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Just before her moment ended in front of a crowd gathered in the school library at Collinsville High, senior Gabrielle Numi smiled for one more photo to mark the day — a selfie with her admissions counselor from Eastern Illinois University.

With all of the attention on student athletes and the day they sign to play at the college level, some Collinsville High School teachers and counselors thought their academic stars deserved some of the recognition, too.

On Monday, they gathered in the library, decked out in purple and white balloon sculptures, to honor about 60 seniors who have earned college academic scholarships at the school’s first-ever Academic Signing Day.

The seniors, joined by their parents and friends, sat at a table covered with a purple CHS tablecloth, signing a special certificate and posing for photos with the principal and representative from their college.

“We’re just so proud of our academic champions,” said Karen Olsen, one of the counselors as she kicked off the event. “Congratulations. This is your moment.”

No one is saying that the athletic accomplishments aren’t deserving of attention. But school leaders say promoting student academic achievement should be just as important, if not more.

Academic Signing Days are growing in popularity across the country, but still far outnumbered by the coverage and fanfare surrounding high school athletic stars committing to colleges, signing letters of intent at school in front of family, friends and cameras.

Sure, high academic achievers have special honors awards banquets and ceremonies at the end of the year, and maybe their name and college of choice on a bulletin board near the counselor’s office. But the point is to acknowledge the success of not only getting into college, but earning an academic scholarship, in a very visible way, advocates say. That also can motivate underclassmen.

“We were noticing that very talented students that get academic scholarships, they really don’t get recognized,” Olsen said. “You have a 4.0 GPA, a $40,000 scholarship, and they don’t get any recognition for that accomplishment.”

Florida legislators went so far as to pass a state law a few years ago encouraging school districts to provide for a student “Academic Scholarship Signing Day” in a public event. The law designates the third Tuesday of April each year to recognize outstanding achievement of high school seniors accepting academic scholarships.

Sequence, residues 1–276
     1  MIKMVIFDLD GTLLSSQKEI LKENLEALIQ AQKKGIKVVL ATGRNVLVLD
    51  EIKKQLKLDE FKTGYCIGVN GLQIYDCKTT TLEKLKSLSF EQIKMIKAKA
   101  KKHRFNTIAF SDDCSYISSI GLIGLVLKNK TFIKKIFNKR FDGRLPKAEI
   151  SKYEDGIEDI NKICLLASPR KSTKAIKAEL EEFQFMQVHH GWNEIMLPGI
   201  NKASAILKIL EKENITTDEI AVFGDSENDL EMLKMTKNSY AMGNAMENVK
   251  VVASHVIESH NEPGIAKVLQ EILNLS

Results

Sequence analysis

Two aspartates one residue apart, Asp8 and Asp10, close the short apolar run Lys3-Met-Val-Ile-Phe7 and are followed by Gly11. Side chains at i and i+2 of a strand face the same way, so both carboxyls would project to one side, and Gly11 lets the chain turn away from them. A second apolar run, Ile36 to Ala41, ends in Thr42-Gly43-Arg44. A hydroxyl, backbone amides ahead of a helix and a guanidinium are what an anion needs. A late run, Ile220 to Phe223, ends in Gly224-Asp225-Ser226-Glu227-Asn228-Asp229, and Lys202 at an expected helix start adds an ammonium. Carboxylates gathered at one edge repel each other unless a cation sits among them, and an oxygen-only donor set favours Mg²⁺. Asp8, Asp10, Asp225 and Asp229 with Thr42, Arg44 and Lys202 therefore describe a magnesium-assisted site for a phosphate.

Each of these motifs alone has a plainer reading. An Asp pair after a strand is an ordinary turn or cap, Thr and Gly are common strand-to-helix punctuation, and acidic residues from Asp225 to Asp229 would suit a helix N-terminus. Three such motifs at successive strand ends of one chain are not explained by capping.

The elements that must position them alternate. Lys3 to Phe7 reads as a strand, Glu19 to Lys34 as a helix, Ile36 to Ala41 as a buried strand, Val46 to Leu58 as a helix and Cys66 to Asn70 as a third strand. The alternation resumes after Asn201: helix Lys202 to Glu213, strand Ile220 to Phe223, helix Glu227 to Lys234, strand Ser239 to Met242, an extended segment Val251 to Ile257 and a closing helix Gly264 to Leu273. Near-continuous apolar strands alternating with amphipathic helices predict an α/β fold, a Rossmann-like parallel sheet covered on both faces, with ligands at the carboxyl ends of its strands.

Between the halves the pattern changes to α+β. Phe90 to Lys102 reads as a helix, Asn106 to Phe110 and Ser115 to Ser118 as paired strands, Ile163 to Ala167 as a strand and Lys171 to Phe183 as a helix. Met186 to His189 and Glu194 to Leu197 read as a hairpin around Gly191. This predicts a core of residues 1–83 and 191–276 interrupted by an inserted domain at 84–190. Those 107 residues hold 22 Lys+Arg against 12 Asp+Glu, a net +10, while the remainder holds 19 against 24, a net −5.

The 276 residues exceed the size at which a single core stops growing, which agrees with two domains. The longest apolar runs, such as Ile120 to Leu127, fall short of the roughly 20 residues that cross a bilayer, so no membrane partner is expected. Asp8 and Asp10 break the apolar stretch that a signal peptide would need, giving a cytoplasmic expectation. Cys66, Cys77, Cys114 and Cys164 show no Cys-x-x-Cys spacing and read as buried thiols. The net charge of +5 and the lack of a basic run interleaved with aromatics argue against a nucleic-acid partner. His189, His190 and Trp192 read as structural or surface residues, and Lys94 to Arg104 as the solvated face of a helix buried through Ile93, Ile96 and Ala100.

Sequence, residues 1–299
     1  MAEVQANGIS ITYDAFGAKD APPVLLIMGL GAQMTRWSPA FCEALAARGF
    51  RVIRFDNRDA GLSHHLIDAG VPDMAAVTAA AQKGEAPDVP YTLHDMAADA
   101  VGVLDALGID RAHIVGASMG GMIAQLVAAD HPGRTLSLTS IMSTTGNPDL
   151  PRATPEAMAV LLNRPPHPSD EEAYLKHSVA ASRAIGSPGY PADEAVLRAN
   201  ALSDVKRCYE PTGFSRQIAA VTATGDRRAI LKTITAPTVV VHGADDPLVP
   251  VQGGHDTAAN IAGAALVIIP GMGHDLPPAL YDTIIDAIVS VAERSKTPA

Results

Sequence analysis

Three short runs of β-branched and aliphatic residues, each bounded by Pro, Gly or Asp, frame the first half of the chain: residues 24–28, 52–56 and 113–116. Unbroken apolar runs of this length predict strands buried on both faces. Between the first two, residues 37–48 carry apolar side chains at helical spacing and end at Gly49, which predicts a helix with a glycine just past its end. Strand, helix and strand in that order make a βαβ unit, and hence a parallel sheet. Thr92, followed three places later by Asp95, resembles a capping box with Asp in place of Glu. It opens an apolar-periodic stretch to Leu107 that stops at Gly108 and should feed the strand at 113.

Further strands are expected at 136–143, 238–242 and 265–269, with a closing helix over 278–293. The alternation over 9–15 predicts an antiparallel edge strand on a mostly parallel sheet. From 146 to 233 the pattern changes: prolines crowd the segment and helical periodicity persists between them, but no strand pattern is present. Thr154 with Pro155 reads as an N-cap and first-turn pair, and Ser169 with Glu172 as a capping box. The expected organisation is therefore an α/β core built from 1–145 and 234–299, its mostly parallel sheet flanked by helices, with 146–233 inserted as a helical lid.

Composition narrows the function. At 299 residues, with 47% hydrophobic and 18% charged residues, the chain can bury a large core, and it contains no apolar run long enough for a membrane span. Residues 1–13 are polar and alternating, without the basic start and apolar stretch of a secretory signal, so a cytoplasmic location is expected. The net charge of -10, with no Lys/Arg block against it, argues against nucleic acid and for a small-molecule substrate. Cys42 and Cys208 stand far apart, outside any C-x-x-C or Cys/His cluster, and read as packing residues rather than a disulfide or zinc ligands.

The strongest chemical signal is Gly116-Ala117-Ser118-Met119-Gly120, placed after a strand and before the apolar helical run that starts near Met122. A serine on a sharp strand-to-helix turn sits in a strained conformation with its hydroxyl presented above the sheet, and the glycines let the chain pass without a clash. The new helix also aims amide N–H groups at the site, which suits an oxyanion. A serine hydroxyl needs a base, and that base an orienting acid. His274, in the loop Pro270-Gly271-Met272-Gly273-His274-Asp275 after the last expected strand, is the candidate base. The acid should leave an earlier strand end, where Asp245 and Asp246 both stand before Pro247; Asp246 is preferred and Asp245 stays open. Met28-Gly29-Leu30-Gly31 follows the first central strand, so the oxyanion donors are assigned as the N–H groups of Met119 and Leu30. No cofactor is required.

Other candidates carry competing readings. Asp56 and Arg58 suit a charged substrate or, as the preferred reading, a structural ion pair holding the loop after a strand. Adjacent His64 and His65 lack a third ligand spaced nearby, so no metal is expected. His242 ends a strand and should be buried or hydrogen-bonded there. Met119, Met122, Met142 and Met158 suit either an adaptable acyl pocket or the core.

In San Antonio, thousands of students celebrate a college signing day each year at the University of Texas-San Antonio, wearing their college T-shirts for the event.

And President Barack Obama and his administration applauded such efforts, encouraging other schools to do the same to celebrate those earning academic scholarships and inspire other students.

The effects of such events last longer than a two-hour assembly, U.S. Secretary of Education Arne Duncan has said.

“It shows younger students that they can aspire to more than athletic greatness: They can be great academically, too,” Duncan wrote recently in his blog. “It shows them that academic excellence is just as worthy of cheers, shouts, and photo ops as athletic prowess.”

Nicki Patel, a senior at Collinsville High who will study biology at St. Louis University, said the college letter-of-intent signings for athletes are “so huge for them.”

“There’s a lot of attention on that,” said Patel, whose father sat next to her at the signing table, along with a SLU representative. “We need some attention, too.”

James Williams, an admissions counselor at Southeast Missouri State University, said he is getting more invitations in recent years for these types of events at high schools. He was on hand Monday to represent the college for multiple students attending, including a full-ride scholarship.

When it was Justin Mushill’s turn to be recognized, his mother, Renee Mushill, sat at the table with him for photos, looking at him and smiling as he announced his college and major — Ole Miss, to study pre-law.

“I think it’s wonderful,” she said afterward, as the crowd munched on cupcakes frosted in purple and white. While a lot of people marvel at athletes and their talent, “it’s cool to get recognized for academics, and the work put into that.”

Erin Arvizu, whose son Sean Callahan received a $20,000 renewable annual scholarship to Berklee College of Music in Boston, said without the scholarship, tuition would have been very difficult to afford.

“It’s been a long process,” she said. “This is a nice way to celebrate.”

School and district leaders hope to continue Academic Signing Day next year, and hope to include underclassmen in the invite to gear them up.

“Our athletes have had tremendous opportunities,” said Principal Eric Flohr. “But we really think the real meaning of school is academics.”